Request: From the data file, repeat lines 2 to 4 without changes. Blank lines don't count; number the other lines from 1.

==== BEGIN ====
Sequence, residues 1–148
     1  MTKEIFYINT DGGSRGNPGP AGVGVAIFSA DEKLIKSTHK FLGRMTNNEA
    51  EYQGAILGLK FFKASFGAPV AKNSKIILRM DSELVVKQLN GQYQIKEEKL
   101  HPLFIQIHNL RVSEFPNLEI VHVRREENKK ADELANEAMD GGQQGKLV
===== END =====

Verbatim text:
     1  MTKEIFYINT DGGSRGNPGP AGVGVAIFSA DEKLIKSTHK FLGRMTNNEA
    51  EYQGAILGLK FFKASFGAPV AKNSKIILRM DSELVVKQLN GQYQIKEEKL
   101  HPLFIQIHNL RVSEFPNLEI VHVRREENKK ADELANEAMD GGQQGKLV